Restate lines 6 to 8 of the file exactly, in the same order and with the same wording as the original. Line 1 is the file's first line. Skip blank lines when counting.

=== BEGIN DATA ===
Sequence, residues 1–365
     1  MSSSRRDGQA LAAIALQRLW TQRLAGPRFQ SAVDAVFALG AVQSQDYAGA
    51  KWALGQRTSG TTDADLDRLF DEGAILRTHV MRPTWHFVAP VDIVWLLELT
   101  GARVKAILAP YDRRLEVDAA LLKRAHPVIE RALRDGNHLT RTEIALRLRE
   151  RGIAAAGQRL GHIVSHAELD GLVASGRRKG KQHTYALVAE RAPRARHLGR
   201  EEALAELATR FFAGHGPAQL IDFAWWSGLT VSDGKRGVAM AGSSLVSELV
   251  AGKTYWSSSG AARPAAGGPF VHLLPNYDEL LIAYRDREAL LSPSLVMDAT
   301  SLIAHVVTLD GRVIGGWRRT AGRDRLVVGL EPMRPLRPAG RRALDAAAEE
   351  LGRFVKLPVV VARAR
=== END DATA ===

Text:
   201  EEALAELATR FFAGHGPAQL IDFAWWSGLT VSDGKRGVAM AGSSLVSELV
   251  AGKTYWSSSG AARPAAGGPF VHLLPNYDEL LIAYRDREAL LSPSLVMDAT
   301  SLIAHVVTLD GRVIGGWRRT AGRDRLVVGL EPMRPLRPAG RRALDAAAEE